Stores large amounts of data, instructions, and information more permanently than main memory.
Devices for secondary storage Magnetic tape Magnetic disks Compact Disk Read-Only CD-ROM CD-RW (Compact Disk-Read Write) Write Once Read Many - (WORM) DVD – Digital Video Disks RAID (Redundant Array of Inexpensive Disks) Flash memory Removable storage 22
Hard Drives (SATA) 22 Four SATA cable connections for connecting drives to Motherboard. 4 drives max.
CABLES (SATA VS EIDE) 22 (SATA) Device , Power (PATA) Device , Power
ADVANTAGES (SATA VS PATA) 22 ADVANTAGES OF SATA OVER PATA: 1. FASTER 2. SMALLER CABLES AND CONNECTORS a. Small cables aid air flow inside the computer. Keeps parts cooler , thus they last longer. 3. LESS POWER CONSUMPTION 4. LOTS OF FUTURE IMPROVEMENTS. 5. ABOUT THE SAME RETAIL PRICE AS PATA.
DVD Read-Write (DVD-RW) 22 4.7 GB Smaller Pits, Narrower Track Pitch Inside On the inside, a DVD is totally different. Its pits are half the size of CD pits ( 0.4µm vs. 0.83µm ), and it's tracks are spaced about twice as close together ( 0.74µm vs. 1.6µm ). See following image... CD disk DVD disk 650-800 MB 40x /12x/48x
FINGERPRINT SCANNERS 28 Say goodbye to password hassles. Now you can log on to your computer and your favorite websites with the touch of your finger, without having to remember all those passwords - simply place your finger on the receiver whenever a password or username is required. Easy-to-use software makes replacing passwords with your fingerprint a breeze. The Registration Wizard helps you register fingerprints for each user. When you first visit a site that requires a password, just touch the Fingerprint Reader with your registered finger, enter your data, and then click OK. When you browse back to that website, you can simply log on with your fingerprint. You can also use the Fingerprint Reader to quickly switch between Windows user accounts without closing programs and files - and each user's personal content stays personal.
RFID (Radio Frequency ID) 28 Welcome to the world of Radio Frequency Identification, or RFID, where tiny computer chips smaller than a grain of sand will track everyday objects – and even people – keeping tabs on everything you own and everywhere you go. While it sounds far-fetched and futuristic, it's already here and documented in "SPYCHIPS," written by Katherine Albrecht and Liz McIntyre. These two privacy advocates have uncovered extraordinarily detailed plans to use this new technology to watch U.S. citizens. Revelations in the book include IBM's blueprint for a "Person Tracking Unit" that scans the RFID tags on unwitting members of the public as they move through retail stores, airports, train stations, elevators, libraries, theaters and even public restrooms. They intend to follow your every move.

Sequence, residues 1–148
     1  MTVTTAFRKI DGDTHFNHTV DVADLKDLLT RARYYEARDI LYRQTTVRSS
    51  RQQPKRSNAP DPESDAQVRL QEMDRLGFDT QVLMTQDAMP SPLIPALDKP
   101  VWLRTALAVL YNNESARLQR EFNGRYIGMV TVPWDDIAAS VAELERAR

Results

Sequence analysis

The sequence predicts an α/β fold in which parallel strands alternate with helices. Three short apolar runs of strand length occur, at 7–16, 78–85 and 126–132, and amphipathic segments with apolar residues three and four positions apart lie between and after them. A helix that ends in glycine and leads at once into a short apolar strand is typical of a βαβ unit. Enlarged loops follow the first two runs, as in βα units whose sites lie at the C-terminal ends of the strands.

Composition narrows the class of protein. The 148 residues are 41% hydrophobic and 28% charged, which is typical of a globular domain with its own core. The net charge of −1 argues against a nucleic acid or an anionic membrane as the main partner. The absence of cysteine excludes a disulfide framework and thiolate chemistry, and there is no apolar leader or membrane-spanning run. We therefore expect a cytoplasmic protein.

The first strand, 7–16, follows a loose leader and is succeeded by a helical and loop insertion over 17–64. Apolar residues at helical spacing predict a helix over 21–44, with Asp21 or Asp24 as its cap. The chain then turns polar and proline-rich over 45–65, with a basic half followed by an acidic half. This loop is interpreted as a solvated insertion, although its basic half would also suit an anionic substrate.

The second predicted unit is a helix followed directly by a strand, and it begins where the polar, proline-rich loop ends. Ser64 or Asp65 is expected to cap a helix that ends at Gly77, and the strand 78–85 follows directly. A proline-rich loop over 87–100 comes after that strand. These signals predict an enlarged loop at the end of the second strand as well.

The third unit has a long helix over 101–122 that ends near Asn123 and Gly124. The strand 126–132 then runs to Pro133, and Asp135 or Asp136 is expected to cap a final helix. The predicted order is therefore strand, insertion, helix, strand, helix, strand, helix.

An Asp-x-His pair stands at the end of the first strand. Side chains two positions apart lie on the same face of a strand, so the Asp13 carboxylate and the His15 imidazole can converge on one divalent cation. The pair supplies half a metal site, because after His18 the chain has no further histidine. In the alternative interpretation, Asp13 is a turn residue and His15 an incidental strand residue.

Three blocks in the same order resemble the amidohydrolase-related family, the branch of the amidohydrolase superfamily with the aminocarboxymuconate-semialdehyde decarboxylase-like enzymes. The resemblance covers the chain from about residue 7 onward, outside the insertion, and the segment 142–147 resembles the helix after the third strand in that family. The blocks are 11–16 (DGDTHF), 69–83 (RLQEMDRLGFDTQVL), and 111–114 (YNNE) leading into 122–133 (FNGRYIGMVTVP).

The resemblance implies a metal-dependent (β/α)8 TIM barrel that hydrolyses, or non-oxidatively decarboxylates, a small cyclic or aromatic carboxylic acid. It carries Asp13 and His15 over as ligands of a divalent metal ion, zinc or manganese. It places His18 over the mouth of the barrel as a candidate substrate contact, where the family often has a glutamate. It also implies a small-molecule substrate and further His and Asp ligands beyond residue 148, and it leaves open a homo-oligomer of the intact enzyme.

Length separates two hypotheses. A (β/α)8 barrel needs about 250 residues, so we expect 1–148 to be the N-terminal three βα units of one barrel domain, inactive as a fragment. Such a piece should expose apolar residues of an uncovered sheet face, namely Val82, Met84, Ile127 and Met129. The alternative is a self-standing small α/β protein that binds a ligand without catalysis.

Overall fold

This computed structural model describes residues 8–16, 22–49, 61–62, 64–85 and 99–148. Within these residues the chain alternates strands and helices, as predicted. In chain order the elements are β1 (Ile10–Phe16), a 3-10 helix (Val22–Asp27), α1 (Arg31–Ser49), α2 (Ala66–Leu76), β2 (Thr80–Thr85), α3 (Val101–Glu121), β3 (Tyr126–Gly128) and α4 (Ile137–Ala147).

RFID (Radio Frequency ID) 28 Nokia is developing an RFID-reader cell phone that could be used to scan people and inventory their belongings as they walk past on the street. Bank of America has cooked up a "Crowd Identification Device" to scan RFID tags on the things people are wearing and carrying to pinpoint, identify and bombard them with targeted audio advertising messages . There is even an RFID armband that delivers a dose of paralyzing medication or an electroshock to subdue individuals. These are just a few of the patents and patent applications revealed in "SPYCHIPS" that major corporations and the U.S. government have planned. The book chronicles efforts to keep these plans a secret , revealing the contents of confidential industry documents and outlining plans to "pacify" the public, co-opt public officials and develop spin to ensure the adoption of the RFID infrastructure.
RFID (Radio Frequency ID) 28 The book also discusses the industry's more underhanded tactics, like a foiled plot by the Grocery Manufacturers of America to mount a smear campaign against author Katherine Albrecht. As the authors were researching the book, illegal efforts were made by unknown persons to gather intelligence on them, including siphoning telephone records and targeting bank records. Someone even contacted their friends and family to probe for information, the authors say. Hundreds of millions of dollars have already been invested in what global corporations are calling the hottest new technology since the bar code – and billions more are in the balance. Wal-Mart's top suppliers are already on board with RFID tracking, and high-level former government officials like Tommy Thompson and Tom Ridge have joined the boards of major RFID companies. In fact, Thompson, former secretary of health and human services, now sits on the board of the VeriChip human implant company and has publicly suggested RFID implants for us all. " Spychips could strip away our last shreds of privacy and usher in a nightmare world of total surveillance – to keep us all on Big Brother's very short leash," say the authors
Types of Computer Systems Personal Computers (PCs) Small, inexpensive, often called microcomputers. Network Computers Used for accessing networks, especially the Internet. Workstations Fit between high-end microcomputers and low-end midrange. Midrange Computers Size of a three drawer file cabinet and accommodates several users at one time. Mainframe Computers Large and powerful, shared by hundreds concurrently. Supercomputers Most powerful with fastest processing speeds. 33